The PhD students in English and American literature at Ole Miss have a tradition of drinking at William Faulkner‘s grave — a stone’s throw away from the campus. It is germane to everything that department does — the specter of Faulkner, though he dropped out of the school and went his own way — haunts the halls. Who is the next immortal among us, he seems to ask.
However, despite the lovely, rich prose, Faulkner, were he in fact a king-maker, would never point his scepter at a woman or a person of color to indicate that we were smart or interesting in any way but perhaps sexually. I’m sure I would have scared the crap out of Faulkner, so in going to his grave at Saint Peter‘s cemetery, I had no problem trying to spook him. I am the kind of woman who would have wanted to scare the crap out of him, anyway,when he was living — a Yankee feminist who worked as a speechwriter and pamphleteer to end apartheid. To Mister Faulkner, whose worst nightmare I am, I say “Boo!”
One does not drink alone at Faulkner’s tombstone. Apart from the shade of the author himself, his longsuffering wife is buried next to him, his parents across from him. One wonders who chose the inscription “Go with God,” which must be read ironically, if one has ever read the guy’s work. Not only did I drink with the former Faulkners, I also drank with my pals in the PhD program Victoria, Thomas, and Ebony, who are all very cool. Thomas provided the booze (see the Maker’s Mark in my hand). Victoria provided much of the prose from Faulkner and the photos. Ebony brought the fabulousness. I just brought the bad attitude.
We had trouble finding the grave. Saint Peter’s cemetery is not next to Saint Peter’s church, and it was cold and dark outside. We wandered the streets of Oxford, Mississippi, following the confused navigator function of Victoria’s phone. I think we were bamboozled by it because of the magnetic waves emanating from the tombstone. The waves are a transmission from the next dimension, which declares in a garbled text message:
OMFG — you will never have immortality as writers. Post-modern criticism has killed the cult of the author. Give it up. I am more fabulous than you will ever be. Even Satan bows to me in Hell.
I knew it was a lie from the pit itself. We disregarded it. We climbed into Ebony’s car for warmth and listened to Ella Fitzgerald and Frank Sinatra. Whatever is true about the so-called cult of the author, the cult of the diva is alive and well, as evidenced by Ebony’s i-Pod play list, as evidenced by Ebony and her fabulous diva self.
I care about the Pulitzer. I care about the Nobel. I care about the National Book Award. I care about authors. I care about Divas. No tombstone can talk me out of this. All it can do is lend perspective on the notion of authorial immortality.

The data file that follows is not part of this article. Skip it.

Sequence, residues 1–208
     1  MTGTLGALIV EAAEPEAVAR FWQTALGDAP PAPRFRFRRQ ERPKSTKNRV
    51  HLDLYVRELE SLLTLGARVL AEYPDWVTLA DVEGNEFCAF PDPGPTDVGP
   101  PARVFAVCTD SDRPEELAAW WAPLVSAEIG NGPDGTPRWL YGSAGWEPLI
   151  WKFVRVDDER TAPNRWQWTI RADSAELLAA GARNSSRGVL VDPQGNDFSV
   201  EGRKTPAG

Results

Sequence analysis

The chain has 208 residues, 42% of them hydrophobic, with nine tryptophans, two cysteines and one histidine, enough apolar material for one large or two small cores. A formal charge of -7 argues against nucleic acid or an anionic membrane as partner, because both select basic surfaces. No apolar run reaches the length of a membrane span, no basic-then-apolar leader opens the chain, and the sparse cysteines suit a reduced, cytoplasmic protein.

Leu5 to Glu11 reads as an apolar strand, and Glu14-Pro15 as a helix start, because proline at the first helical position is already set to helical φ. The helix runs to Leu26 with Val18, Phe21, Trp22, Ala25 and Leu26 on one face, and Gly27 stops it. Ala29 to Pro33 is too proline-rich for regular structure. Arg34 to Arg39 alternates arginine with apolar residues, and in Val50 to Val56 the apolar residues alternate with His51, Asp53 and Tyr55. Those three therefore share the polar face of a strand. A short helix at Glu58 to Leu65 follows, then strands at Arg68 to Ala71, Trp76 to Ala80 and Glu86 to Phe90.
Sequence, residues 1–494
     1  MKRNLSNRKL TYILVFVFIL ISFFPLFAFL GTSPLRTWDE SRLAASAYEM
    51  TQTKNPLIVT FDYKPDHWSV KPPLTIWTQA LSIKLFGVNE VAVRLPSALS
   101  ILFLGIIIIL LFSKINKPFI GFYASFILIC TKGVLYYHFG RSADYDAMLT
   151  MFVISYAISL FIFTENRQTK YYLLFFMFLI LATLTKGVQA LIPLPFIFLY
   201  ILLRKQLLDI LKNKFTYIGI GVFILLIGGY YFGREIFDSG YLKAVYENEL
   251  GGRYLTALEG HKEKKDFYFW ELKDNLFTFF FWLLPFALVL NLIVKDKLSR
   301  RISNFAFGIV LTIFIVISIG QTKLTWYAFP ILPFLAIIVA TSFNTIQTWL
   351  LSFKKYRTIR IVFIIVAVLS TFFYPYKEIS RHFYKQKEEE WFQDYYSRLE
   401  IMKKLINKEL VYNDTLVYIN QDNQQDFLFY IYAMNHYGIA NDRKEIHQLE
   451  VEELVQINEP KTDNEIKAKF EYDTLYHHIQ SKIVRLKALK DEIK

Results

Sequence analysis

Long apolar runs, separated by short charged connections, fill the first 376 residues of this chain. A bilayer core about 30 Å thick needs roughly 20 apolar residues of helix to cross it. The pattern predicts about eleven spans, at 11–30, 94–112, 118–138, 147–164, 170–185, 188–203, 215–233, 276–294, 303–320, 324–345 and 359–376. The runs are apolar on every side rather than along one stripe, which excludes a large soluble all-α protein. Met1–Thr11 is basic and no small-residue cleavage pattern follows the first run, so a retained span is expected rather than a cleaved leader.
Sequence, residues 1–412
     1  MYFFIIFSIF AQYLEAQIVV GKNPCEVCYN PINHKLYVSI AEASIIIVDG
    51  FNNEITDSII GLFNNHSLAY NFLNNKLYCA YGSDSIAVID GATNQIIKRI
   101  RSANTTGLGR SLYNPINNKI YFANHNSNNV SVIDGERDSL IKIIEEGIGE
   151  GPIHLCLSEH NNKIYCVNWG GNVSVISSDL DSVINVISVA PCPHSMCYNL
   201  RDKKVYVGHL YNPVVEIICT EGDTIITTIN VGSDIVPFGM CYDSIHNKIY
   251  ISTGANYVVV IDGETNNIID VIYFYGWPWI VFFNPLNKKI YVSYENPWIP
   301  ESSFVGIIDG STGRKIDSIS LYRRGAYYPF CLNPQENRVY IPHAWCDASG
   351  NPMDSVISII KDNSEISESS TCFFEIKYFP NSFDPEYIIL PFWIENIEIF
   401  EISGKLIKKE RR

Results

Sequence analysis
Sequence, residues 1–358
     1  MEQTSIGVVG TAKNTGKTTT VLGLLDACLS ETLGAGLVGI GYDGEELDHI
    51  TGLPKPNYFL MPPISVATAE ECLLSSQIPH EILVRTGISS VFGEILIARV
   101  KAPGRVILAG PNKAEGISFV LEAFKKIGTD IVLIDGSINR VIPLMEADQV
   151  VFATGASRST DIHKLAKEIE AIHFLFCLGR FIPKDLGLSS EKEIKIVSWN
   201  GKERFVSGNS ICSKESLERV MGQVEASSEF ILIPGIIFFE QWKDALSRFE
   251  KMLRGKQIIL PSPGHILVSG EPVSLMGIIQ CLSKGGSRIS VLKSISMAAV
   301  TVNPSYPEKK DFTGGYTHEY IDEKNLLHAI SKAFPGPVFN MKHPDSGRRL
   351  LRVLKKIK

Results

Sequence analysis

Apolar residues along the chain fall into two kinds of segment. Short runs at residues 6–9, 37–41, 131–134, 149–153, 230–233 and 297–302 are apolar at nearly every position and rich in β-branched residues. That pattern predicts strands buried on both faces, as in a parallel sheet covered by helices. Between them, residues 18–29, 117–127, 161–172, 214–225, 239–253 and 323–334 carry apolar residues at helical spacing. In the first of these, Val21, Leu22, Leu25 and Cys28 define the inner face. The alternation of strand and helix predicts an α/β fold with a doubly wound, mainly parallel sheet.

I once saw a graffito that went like this:
“God is dead” — Neitzche
“Neitzche is dead” — God
Shakespeare is an immortal writer. His bones are turning to powder as we speak. It is not good enough to be an immortal writer. One must actually go with God, not just have relatives, who would burn every copy of one’s heretical books if they could, inscribe such a thing on a tombstone that they never meant to be ironic. There is truly only one kind of immortality — the resurrection kind. That said, without the other kind, how will I explain to future generations why I thought the giraffe-print furry hat and giraffe-print furry bag I had with me the night I did shots at Faulkner’s grave were really cool? I intend to be an immortal writer who is immortal indeed, not like the godless, misogynist, racist genius at whose grave I poured libations a few days ago.
Here’s a picture of me with Ebony, wandering around looking for the grave:
Ebony is a brilliant woman who is funny, hilarious, and — despite all Mississippi siren calls that might have drawn her away from this — always impeccably dressed.
If Faulkner were living and breathing, he wouldn’t like either of the women in this picture — one he would utterly dismiss, and the other he would just loathe. Faulk him and his genius, I say. We’re fantastic.
Finally, the four of us found our way to the grave. We all took a shot, and Victoria read a lovely passage of prose from the man in the grave about the enduring quality of words.
As the moon stood in a sliver against the black of the night, and the wind rustled in the breeze, I couldn’t allow myself to make this a worshipful experience. I don’t believe in ancestor worship, even of really fantastic ancestors, but while Faulkner was fantastic as a writer, he wasn’t such a great antecedent.
After Victoria finished reading, I took what was left in my glass and splashed it on the grave.
“Bitch, give me your talent!” I shouted.
Ebony, Victoria and Thomas are used to such outbursts from me – not so much the cursing as the incongruity — and they just took it in stride.
Thomas read a passage from “A Rose for Emily,” one which involved the repetition of the n-word over and over again. I took the bottle and poured out half of it on the engraved name beneath us, interrupting Thomas to say, “That’s what you get for saying ‘n*gger’ so many times. You’re just lucky it’s not my urine.”
We went afterward to a reading of living writers. It was time to go. Let the dead bury the dead. We were out of booze, anyway.
Insulting Faulkner while taking note of his talent seemed appropriate — not worship, just acknowledgment. The cult of the author, per Derrida and his sychophants, is dead. Perhaps it should be. Instead, long live the diva, I say. Long live Ebony. Long live you, whoever you are. Go with God.